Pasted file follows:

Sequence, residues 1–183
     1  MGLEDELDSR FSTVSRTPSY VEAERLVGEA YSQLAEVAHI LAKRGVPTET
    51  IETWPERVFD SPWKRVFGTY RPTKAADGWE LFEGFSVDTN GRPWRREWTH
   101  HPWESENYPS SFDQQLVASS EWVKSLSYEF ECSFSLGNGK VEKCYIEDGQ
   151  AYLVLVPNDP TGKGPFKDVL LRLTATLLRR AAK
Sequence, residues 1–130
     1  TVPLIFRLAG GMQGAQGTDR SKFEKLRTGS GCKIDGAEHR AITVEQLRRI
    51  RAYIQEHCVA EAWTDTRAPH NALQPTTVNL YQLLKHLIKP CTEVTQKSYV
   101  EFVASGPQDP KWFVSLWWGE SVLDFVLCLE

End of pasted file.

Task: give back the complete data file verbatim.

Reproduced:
Sequence, residues 1–183
     1  MGLEDELDSR FSTVSRTPSY VEAERLVGEA YSQLAEVAHI LAKRGVPTET
    51  IETWPERVFD SPWKRVFGTY RPTKAADGWE LFEGFSVDTN GRPWRREWTH
   101  HPWESENYPS SFDQQLVASS EWVKSLSYEF ECSFSLGNGK VEKCYIEDGQ
   151  AYLVLVPNDP TGKGPFKDVL LRLTATLLRR AAK
Sequence, residues 1–130
     1  TVPLIFRLAG GMQGAQGTDR SKFEKLRTGS GCKIDGAEHR AITVEQLRRI
    51  RAYIQEHCVA EAWTDTRAPH NALQPTTVNL YQLLKHLIKP CTEVTQKSYV
   101  EFVASGPQDP KWFVSLWWGE SVLDFVLCLE